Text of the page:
It's never boring in Windows world, especially when there's long-awaited news about release dates and licensing. These topics and others got Redmond experts riled up this week.
"It's a huge opportunity for partners. Huuuuuuuuuuge."
-- Microsoft's ever-exuberant CEO, Steve Ballmer, talking about Windows 8 during the company's Worldwide Partner Conference. The operating system is a centerpiece of Microsoft's "epic" year, according to Ballmer. During the opening keynote session, Tami Reller, Windows chief financial officer and chief marketing officer, showed off a range of Windows 8-compatible hardware and announced a general availability date of October 2012 (it will release to manufacturing in August).
"They're trying to make an effort to simplify it so the average mortal can understand what's going on."
-- Chris Steffen, principal technical architect for Kroll Factual Data, who assessed Microsoft's elimination of the Enterprise edition of Windows Server 2012. The move was one of several licensing changes that reduced the total number of SKUs to four. Small Business Server and Home Server were among the SKUs that will no longer exist. Server 2012 will be available generally in September, Microsoft announced.
"Since I took this job two years ago, it is the No. 1 thing that you have been asking me for."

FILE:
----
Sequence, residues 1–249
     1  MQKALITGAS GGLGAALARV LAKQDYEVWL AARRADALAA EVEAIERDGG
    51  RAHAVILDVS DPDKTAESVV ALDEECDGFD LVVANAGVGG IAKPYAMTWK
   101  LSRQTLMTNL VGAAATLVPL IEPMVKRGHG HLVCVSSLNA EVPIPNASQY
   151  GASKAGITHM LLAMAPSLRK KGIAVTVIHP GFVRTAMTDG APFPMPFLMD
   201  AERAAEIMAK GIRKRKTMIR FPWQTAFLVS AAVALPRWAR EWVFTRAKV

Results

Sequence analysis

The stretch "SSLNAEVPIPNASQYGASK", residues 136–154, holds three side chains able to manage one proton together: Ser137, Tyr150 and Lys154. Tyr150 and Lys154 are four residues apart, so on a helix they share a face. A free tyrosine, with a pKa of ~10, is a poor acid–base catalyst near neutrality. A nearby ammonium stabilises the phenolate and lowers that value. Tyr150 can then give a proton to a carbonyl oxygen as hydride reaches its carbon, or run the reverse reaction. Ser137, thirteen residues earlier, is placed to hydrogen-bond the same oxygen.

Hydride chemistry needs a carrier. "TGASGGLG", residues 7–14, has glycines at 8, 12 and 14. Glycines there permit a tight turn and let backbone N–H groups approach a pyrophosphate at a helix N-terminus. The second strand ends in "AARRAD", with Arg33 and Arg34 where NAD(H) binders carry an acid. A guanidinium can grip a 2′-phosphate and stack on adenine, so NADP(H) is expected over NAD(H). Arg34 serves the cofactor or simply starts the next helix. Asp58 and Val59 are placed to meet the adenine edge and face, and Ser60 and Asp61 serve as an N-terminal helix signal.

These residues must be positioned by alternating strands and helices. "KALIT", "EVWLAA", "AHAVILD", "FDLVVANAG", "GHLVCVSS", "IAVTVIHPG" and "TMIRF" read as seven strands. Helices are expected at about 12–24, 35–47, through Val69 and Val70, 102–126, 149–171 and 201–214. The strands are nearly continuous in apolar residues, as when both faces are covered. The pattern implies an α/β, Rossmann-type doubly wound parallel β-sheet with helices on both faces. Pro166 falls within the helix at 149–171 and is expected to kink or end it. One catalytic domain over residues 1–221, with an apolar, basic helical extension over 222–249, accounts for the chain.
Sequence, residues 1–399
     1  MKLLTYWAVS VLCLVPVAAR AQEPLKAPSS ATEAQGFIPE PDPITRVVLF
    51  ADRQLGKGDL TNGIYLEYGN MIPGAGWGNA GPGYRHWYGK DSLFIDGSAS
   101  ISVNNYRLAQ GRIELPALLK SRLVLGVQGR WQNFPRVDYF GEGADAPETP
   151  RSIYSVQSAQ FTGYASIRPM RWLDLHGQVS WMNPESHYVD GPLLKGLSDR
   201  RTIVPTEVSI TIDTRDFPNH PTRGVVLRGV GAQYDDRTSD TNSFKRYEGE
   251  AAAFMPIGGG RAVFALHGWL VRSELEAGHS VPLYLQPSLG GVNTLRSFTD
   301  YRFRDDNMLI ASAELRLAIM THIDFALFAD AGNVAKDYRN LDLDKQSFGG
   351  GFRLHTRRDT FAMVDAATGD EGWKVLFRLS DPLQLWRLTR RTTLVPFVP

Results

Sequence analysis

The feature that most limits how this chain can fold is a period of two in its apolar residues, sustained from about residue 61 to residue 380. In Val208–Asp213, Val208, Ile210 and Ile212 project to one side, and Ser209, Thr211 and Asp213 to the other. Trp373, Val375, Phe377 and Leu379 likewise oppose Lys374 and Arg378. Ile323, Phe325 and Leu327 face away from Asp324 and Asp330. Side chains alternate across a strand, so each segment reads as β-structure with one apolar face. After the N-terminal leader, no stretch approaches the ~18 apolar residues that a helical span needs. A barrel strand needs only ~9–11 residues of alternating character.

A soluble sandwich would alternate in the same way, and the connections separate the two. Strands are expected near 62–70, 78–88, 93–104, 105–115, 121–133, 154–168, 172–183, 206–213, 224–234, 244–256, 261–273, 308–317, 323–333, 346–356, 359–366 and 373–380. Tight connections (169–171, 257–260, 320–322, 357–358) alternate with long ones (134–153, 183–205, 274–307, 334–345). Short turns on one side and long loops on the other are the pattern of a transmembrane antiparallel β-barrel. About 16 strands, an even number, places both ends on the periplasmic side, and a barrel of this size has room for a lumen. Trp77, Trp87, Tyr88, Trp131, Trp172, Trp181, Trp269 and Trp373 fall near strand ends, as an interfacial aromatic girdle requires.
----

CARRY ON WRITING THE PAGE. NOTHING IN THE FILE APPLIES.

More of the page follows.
-- Jon Roskill, president of the Microsoft Worldwide Partner Group, speaking to partners about the Office 365 Open program, which will allow them to bill customers directly and package Office 365 along with other services. The program, which already is available for other Microsoft products, is expected to boost overall sales of the cloud-based productivity suite, which has been slowly adopted by enterprises during its first year (Microsoft now is adding 1,000 cloud partners per month, Ballmer said). There are still some questions out there, however, such as when the Open program will begin.
"Siri, what's the best smartphone?"
-- Kevin Turner, Microsoft's chief operating officer, speaking to the iPhone personal assistant in a promotional video shown during the Worldwide Partner Conference. The answer (at least until Apple sent out an update): "Lumia 900 Windows Phone."
The video brought chuckles, but Siri and Apple might have the last laugh if Microsoft can't give consumers a reason to switch from iPhone or Android to Windows Phone. Company officials touted the forthcoming Windows Phone 8's "enterprise-ready" features to much applause this week (Windows Phone marketing vice president Thom Gruhler said that 81% of CIOs think it's a great business phone). As Colin Steele writes on ConsumerizeIT.com, however, consumers will dictate Microsoft's mobile success, not IT.